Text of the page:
A Douglas County judge is scheduled to sentence Major C. Edwards Jr. on Tuesday for his role in the 2006 shooting death of Lawrence hip-hop artist Anthony Vital.
It will presumably bring closure to a five-year legal drama in Douglas County, but some questions still remain about what exactly transpired the night of Oct. 14, 2006.
A landowner found the body of Vital, 28, the next morning in his rural driveway west of Lawrence, starting a lengthy investigation by Douglas County Sheriff’s investigators.
A key question during Tuesday’s hearing will be whether Edwards, the only person convicted in the case, will be sentenced to serve additional prison time or whether he will be released for the years he’s already served.
“Major didn’t pull the trigger,” defense attorney Branden Bell said. “He shouldn’t be punished like he did.”
Edwards, 32, of Lawrence, in March 2010 pleaded guilty to voluntary manslaughter in a plea deal that would shave four years from his prison sentence in exchange for his testimony against his co-defendant at the time, Durrell Jones, 24, of Kansas City, Kan. Edwards testified in the March jury trial that Jones shot and killed Vital to collect on a drug debt for PCP.
Officers had arrested Edwards in Mississippi days after Vital was shot, but Jones did not publicly come into the picture until prosecutors filed charges against both men in 2008. During the Jones trial, defense attorney John Kerns often referred to Edwards as “Front-page Mage” for the amount of news coverage the case received, attacked Edwards’ credibility and accused him of trying to pin the shooting on Jones.
Jurors were not able to reach a unanimous verdict against Jones, and Douglas County prosecutors in August dropped their case against him because they said Edwards had developed credibility issues.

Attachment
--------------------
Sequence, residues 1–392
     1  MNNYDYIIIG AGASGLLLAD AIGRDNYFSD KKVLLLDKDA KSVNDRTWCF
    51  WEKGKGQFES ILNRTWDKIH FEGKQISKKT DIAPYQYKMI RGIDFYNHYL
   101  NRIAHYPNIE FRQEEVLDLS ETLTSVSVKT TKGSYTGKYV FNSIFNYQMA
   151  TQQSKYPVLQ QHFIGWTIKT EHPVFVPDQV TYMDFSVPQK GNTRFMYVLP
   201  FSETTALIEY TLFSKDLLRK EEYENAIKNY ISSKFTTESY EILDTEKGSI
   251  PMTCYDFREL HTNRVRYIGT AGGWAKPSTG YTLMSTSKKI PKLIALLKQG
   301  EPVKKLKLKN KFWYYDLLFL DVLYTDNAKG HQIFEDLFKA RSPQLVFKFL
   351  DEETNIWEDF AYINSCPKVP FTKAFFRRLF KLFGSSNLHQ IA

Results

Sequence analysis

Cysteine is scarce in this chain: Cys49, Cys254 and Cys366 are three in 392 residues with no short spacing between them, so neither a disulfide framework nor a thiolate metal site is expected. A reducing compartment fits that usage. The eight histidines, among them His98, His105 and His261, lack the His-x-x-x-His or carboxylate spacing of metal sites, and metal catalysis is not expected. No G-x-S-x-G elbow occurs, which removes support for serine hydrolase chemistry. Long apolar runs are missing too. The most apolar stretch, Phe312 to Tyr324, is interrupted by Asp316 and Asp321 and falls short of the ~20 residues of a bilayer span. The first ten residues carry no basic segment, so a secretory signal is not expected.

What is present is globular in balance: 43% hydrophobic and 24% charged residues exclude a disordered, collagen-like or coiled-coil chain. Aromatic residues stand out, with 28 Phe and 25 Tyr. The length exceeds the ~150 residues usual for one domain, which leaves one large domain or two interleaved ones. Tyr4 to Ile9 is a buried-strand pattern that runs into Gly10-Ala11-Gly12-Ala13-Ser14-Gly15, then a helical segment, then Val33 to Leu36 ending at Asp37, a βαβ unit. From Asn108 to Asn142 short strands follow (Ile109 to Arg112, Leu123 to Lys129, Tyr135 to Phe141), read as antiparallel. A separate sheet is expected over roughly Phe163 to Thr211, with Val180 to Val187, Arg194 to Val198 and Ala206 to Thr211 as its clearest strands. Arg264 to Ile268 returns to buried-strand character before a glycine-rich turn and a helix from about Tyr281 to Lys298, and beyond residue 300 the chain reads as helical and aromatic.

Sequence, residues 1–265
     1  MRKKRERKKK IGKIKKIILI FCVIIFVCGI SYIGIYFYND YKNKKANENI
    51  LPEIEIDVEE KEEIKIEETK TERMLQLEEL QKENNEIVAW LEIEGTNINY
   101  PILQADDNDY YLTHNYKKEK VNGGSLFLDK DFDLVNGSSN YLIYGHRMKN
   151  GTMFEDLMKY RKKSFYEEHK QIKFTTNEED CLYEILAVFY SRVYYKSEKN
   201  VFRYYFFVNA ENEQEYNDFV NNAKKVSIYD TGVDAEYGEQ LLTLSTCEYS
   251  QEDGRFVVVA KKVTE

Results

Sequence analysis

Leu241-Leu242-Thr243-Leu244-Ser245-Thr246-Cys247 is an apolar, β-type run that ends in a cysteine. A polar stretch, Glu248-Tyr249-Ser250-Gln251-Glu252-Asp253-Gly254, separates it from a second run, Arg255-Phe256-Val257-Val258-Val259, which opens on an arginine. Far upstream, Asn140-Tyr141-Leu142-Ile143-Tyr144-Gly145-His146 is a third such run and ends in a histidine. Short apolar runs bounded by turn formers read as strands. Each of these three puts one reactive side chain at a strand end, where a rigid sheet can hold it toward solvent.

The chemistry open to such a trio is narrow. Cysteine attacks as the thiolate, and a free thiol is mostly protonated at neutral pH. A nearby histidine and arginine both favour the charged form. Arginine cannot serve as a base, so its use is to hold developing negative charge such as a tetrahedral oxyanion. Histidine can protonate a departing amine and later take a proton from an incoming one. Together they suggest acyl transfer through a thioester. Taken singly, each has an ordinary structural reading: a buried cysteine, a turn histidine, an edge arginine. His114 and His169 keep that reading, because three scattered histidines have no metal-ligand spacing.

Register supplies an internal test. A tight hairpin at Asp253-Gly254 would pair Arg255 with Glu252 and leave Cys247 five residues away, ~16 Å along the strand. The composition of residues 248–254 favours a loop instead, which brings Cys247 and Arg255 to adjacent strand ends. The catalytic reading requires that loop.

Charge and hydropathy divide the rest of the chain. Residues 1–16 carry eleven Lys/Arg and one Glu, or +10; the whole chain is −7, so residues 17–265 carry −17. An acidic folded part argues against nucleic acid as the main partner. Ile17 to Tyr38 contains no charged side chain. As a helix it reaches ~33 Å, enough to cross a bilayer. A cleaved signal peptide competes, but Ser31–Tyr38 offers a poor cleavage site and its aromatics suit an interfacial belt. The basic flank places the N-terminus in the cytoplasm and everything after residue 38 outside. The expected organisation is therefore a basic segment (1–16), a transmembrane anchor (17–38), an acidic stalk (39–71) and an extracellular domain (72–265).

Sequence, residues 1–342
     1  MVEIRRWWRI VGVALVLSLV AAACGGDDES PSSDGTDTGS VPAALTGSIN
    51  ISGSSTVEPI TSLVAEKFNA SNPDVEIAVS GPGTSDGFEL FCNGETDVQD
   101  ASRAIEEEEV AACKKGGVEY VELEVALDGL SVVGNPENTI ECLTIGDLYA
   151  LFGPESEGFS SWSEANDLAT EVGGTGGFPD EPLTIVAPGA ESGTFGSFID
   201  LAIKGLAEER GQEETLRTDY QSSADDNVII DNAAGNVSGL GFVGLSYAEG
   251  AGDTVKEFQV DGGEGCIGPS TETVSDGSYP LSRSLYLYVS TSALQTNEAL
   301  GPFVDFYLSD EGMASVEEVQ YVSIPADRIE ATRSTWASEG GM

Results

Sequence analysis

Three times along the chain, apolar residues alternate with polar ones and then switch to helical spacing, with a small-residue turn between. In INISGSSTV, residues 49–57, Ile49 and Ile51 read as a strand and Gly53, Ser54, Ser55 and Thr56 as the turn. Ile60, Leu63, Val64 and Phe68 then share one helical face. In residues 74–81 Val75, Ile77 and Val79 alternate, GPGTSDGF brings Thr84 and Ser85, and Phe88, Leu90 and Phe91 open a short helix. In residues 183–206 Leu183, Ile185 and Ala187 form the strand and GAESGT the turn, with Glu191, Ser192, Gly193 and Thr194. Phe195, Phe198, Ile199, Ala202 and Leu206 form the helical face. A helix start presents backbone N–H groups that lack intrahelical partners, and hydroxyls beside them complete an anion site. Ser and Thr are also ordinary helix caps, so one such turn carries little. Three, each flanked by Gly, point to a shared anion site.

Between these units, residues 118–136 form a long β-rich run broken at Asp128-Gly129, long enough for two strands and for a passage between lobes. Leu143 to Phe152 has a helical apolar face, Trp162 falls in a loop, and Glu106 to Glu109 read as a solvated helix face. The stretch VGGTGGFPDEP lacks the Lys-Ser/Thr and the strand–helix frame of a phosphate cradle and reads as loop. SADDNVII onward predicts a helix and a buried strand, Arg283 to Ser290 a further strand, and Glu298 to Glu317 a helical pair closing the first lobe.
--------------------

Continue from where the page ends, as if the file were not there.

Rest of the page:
Still, Edwards’ defense attorney has accused prosecutors of throwing Edwards “under the bus” because they couldn’t convict Jones. Bell plans to ask Chief District Judge Robert Fairchild not to consider two of Edwards’ juvenile convictions as part of his criminal history, meaning Edwards possibly could be released because of the time he’s spent in custody while the Vital case was pending. At the time of his plea, attorneys anticipated Edwards would face 18 years in prison based on state sentencing guidelines, but they would agree to subtract four years from that sentence for his cooperation against Jones.
Prosecutors Tuesday are expected to ask for the 14-year sentence considering that earlier this year they requested Fairchild’s permission to oppose the four-year reduction in the plea deal because they believed Edwards’ testimony against Jones was no longer credible. They cited allegations from a jail mate, Joe Hunter, who alleged Edwards told him Edwards was the one who shot Vital.
“The exact truth of what occurred in connection with the murder of Anthony Vital may never be known at this point, but we have no doubt that Edwards and Jones played an active role in what happened,” Branson said in August when he dismissed Jones’ case. “We also do not doubt Major Edwards knows what happened but his various and contradictory accounts to others make the use of his testimony too unreliable for us to ethically present to a jury.”
The Jones mistrial did spark animosity between Edwards and prosecutors. Edwards sought to withdraw his guilty plea and alleged prosecutors misled him about how much prison time he faced. A judge later ruled against allowing Edwards to withdraw his plea.
Prosecutors then filed a motion asking to oppose the four-year reduction in his sentence and called Hunter as a witness at a hearing in October. Edwards in a handwritten letter to Fairchild denied he spoke to Hunter about the Vital case. Hunter, who is serving a prison sentence for theft and burglary cases, then declined to testify, and Fairchild ruled prosecutors could not back out of the plea agreement.
Fairchild is scheduled to sentence Edwards — also serving time on a federal gun charge from 2006 — at 1:30 p.m. Tuesday.
Jones was released from federal prison Nov. 1 after serving time on federal drug charges, according to the Federal Bureau of Prisons. There is no statute of limitations in Kansas for murder, and Branson has said if prosecutors ever uncover new evidence against Jones in the Vital case, they could refile charges.